On Tuesday's "Good Morning America," ABC contributor Brian Ross chose the day of Fred Thompson's first debate to slam the 2008 candidate for his work as a lawyer on the Watergate hearings 34 years ago and also play clips questioning the then-attorney's intelligence. The investigative correspondent intoned that although Thompson has touted his role in the hearings, "a much different, less valiant picture of Thompson emerges from listening to the White House audiotapes made at the time as President Nixon plotted strategy with his aides in the Oval Office." Ross proceeded to play several clips of Richard Nixon calling Thompson "dumb as hell" and of administration associates alleging that the lawyer will help the White House.
As all of this information is old news, the Ross report is clearly timed to injure Thompson on the day of his big debate. The New York Times reported the same allegations way back on August 27, 2007. The article, by Jo Becker, used many of the same Nixon quotes. (And, in fact, a report by ABC's own Jake Tapper preceded the NYT article and also mentioned Nixon's "dumb as hell" line.) Ross closed his October 9 segment by snidely noting, "We tried to get a response from Thompson but his staff did not return our phone calls and he walked right by us when we tried to put the question to him in person." However, the ABC reporter also referenced other Thompson associates, such as former Senator Howard Baker, who appointed Thompson to the Watergate investigation. And although Baker is very much still alive, did Ross seemed unable to find anyone of that era who would go on record and say something positive about Thompson.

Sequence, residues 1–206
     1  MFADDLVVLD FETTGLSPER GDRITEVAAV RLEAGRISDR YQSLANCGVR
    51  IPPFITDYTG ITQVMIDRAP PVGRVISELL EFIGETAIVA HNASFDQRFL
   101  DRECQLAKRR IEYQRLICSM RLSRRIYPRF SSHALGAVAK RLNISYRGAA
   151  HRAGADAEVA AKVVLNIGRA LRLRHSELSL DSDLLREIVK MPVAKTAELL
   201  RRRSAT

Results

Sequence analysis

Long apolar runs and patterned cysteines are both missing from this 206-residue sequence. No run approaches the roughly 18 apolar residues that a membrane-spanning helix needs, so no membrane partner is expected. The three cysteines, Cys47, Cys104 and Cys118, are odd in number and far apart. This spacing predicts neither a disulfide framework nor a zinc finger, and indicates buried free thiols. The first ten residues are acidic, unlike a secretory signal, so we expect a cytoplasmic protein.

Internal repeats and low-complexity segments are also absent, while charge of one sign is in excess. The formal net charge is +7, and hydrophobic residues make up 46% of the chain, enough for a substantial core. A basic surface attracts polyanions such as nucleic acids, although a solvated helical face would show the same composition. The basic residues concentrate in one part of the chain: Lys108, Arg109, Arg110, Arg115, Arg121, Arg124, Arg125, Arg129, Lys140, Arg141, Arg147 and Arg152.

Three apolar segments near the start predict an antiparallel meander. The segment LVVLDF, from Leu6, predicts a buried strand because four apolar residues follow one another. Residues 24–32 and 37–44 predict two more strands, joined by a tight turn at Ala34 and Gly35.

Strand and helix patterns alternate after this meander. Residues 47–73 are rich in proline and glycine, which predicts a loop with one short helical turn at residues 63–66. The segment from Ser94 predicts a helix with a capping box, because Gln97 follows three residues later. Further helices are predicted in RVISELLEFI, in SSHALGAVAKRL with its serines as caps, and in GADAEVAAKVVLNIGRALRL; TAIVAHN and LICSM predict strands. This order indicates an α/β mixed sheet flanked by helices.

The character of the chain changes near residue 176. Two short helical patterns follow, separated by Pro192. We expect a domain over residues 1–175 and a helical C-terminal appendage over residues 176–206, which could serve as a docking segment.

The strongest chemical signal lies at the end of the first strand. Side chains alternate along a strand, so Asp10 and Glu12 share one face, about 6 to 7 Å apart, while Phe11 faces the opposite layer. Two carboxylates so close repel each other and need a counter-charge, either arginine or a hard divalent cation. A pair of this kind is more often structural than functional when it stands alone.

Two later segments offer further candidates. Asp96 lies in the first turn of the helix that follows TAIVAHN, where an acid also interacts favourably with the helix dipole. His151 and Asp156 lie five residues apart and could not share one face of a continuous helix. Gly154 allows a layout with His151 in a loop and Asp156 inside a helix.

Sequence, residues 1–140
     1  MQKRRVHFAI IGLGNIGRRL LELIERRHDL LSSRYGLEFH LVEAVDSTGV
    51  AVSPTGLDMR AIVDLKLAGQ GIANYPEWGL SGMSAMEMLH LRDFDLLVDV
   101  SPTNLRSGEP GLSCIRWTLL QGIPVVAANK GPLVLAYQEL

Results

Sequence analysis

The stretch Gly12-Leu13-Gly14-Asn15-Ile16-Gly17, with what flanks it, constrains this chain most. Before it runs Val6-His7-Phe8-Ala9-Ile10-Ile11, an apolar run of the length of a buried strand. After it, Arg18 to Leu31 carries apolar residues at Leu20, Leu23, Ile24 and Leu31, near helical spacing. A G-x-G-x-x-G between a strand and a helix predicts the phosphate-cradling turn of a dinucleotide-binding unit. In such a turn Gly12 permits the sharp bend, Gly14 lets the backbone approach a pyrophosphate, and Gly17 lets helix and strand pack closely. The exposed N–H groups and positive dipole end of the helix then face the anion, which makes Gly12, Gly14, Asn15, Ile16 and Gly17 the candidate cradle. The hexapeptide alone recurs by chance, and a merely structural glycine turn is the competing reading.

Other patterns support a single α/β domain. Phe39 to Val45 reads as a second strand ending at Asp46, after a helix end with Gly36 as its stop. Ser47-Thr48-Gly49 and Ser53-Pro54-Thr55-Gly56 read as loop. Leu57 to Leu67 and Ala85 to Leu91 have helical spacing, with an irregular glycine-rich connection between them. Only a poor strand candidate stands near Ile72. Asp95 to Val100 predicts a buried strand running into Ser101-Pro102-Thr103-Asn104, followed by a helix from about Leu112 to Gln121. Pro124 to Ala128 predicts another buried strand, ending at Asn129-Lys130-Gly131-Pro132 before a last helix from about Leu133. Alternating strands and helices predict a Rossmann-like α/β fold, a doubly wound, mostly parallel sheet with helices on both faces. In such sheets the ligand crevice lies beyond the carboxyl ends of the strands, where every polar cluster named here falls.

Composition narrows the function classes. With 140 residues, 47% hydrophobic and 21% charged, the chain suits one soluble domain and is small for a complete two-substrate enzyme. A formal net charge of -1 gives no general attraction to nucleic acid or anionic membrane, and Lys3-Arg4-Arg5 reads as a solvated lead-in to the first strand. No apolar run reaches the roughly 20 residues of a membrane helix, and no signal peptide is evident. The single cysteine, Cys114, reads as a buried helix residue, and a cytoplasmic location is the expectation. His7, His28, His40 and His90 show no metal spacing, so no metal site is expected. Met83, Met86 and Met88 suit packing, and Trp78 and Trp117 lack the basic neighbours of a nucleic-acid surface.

GMA co-host Robin Roberts introduced the segment with a tone that suggested new information was about to be revealed. She breathlessly asserted, "And ABC News spent several months digging some revealing tapes out of the national archives, shedding light on Thompson's role as a young lawyer, investigating the Watergate scandal."
However, as noted earlier, both The New York Times and ABC have previously reported many of the key quotes. Ross played this clip during his October 9 segment:
Alexander Haig: "He's talking to Fred Thompson. I said you're not-"
Richard Nixon: "Oh, [Bleep]. He's dumb as hell. Fred Thompson. Who's-- Who's he? He won't say anything."